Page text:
The Competition and Markets Authority last week reported widespread complaints of ‘dodgy pricing practices to unfair terms to failure to provide tests on time or at all’. 

It comes after Heathrow chairman and CEO Sean Doyle said last week that the traffic light system was not fit for purpose. 

He said: ‘We had the traffic light system over the summer. There was some progress made. But I think it’s not fit for purpose. It needs to be simplified. It needs to be adapted in the same way that we see in Europe and in the US.’ 

Meanwhile Gatwick CEO Stewart Wingate called for testing to be removed altogether for travellers who have been double jabbed.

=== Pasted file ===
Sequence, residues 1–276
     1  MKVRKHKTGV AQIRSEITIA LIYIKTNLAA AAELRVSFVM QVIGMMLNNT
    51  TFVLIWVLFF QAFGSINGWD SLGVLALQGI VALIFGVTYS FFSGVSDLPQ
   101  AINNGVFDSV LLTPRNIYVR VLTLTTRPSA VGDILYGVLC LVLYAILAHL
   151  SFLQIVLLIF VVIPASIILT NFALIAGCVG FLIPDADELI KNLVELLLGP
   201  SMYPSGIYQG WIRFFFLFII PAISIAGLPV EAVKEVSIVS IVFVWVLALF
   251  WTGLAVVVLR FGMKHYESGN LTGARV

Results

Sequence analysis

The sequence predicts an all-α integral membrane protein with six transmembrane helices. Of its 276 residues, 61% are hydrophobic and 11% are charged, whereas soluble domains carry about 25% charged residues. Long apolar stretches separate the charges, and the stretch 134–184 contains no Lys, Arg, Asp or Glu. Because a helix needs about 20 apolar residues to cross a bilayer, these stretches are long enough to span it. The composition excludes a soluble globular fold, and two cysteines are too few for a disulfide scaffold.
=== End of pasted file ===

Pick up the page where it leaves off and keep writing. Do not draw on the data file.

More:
‘Other countries have done this and their aviation sectors are recovering much faster with bookings in Europe recovering twice as fast as in the UK,’ he said.  

A wider overhaul of the rules is scheduled to take place by October 1.   

It comes after Tory MPs demanded answers from the head of Border Force last week over the Heathrow queuing scandal as pressure mounted on Priti Patel to fix the ‘carnage’ at immigration during yet another week of huge waits.

Paul Lincoln, the agency’s director general, has not commented publicly on the issue in recent weeks, while there are increasing calls for his boss, the Home Secretary, to take meaningful action.

Mr Lincoln, a career civil servant who has also served in the Ministry of Defence and Cabinet Office, had his salary bumped up from £130,000-£135,000 to between £135,000 and £140,000 in the last financial year, accounts show.

‘They need to explain what’s going on’: Border Force chief on £140,000-a-year was made an OBE amid Heathrow chaos